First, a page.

and a meter, plus a few bits and pieces.

Thus one might assume it would have been relatively simple to use the meter
output to change the frequency of an audio oscillator.
It actually could pick up voltages on stuff some feet away, and was
surprisingly immune to RF or magnetic field spurious signals on what must
have been a very high impedance probe.
You were right about clothing though. We used to try it on the office girls
as they walked through, very funny showing them how electrically 'hot' they
were. OK the hormones of youth!

These days though one does not need such things except perhaps when handling
mosfet based components not connected to anything, but I remember noting how
charged up a vinyl record could get by just sliding it out of its inner
sleeve. I often wonder why they did not press them out of the inert plastic
they made the probe shell out of, but maybe it was not suitable.

If I see the lady this week I'll ask her about the soles of her shoes though
since it seems that as I have carpets here which are mostly synthetic,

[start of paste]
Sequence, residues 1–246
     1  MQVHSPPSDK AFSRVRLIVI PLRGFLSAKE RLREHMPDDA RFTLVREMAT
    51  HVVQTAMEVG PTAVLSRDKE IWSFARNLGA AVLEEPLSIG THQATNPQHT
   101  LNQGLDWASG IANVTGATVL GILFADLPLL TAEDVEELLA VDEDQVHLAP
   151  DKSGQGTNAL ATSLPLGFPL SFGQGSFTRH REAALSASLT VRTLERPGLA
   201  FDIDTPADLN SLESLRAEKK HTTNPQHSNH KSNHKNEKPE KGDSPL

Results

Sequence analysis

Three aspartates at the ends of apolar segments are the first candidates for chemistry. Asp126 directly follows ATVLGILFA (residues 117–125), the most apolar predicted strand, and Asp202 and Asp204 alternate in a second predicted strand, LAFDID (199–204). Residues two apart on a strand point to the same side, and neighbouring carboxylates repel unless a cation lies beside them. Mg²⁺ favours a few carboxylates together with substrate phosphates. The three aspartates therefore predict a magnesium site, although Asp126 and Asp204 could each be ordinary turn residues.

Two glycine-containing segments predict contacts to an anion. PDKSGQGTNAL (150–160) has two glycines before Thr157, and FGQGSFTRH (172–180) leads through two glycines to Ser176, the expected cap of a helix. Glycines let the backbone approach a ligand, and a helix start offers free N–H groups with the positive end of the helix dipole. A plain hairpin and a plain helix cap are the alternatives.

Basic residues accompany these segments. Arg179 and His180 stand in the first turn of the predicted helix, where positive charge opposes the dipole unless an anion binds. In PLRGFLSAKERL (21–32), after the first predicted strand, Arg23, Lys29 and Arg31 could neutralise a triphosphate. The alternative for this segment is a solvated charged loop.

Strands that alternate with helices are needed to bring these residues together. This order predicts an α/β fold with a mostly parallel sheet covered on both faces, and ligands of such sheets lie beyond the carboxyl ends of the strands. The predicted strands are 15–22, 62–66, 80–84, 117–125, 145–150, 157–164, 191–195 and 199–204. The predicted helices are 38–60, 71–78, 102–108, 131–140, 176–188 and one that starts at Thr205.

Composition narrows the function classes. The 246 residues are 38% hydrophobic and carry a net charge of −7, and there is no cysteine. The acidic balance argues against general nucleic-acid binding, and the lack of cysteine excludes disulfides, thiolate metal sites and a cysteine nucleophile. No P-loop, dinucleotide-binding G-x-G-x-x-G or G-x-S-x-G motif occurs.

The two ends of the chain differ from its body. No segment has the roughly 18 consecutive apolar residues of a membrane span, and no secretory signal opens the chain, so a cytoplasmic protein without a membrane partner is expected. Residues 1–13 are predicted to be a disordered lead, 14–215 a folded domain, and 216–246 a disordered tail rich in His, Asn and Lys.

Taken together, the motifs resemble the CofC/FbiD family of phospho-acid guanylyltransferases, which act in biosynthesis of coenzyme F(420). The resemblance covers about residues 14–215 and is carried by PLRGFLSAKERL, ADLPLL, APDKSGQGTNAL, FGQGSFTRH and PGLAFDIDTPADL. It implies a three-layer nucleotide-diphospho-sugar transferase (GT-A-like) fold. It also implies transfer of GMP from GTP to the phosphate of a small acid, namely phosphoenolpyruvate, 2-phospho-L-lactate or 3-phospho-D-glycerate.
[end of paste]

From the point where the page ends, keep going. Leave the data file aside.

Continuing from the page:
certain types of plastic soles can gather the free electrons needed to
charge put the person. However it is odd since the vacuum cleaner hose is
all made of plastic except the very end bit about 6 inches long, and one
would not expect such a small mass to be able to give the sound or the
shocks she generates.
I guess she could be an alien, but if so, I do not think the Earth has much
to worry about!

Brian

--
----- --
This newsgroup posting comes to you directly from...
The Sofa of Brian Gaff...
bri...@blueyonder.co.uk
Blind user, so no pictures please
Note this Signature is meaningless.!
"J. P. Gilliver (John)" <G6JP...@255soft.uk> wrote in message
news:OxCzL7gm...@255soft.uk...

J. P. Gilliver (John)

unread,
Jul 3, 2019, 7:39:19 AM7/3/19
to
In message <qfeu9a$p3o$1...@dont-email.me>, Brian Gaff
<bri...@blueyonder.co.uk> writes:
>Yes tandy used to make a talking Multimeter based on an old Sharp chip.
> I imagine its now very obsolete. They tended to brand stuff already out
>there.

I miss Tandy; though far from perfect, they were there. Maplin too.

> No way back in the 1970s, at TV factories they bought an eht probe, It
[]
>Thus one might assume it would have been relatively simple to use the meter
>output to change the frequency of an audio oscillator.

Indeed. Probably not done in the workplace as it'd be irritating to
sighted colleagues (and they might actually be able to make a health and
safety argument stick for saying the area/work was unsuitable for vis
folk).
[]
> You were right about clothing though. We used to try it on the office girls
>as they walked through, very funny showing them how electrically 'hot' they
>were. OK the hormones of youth!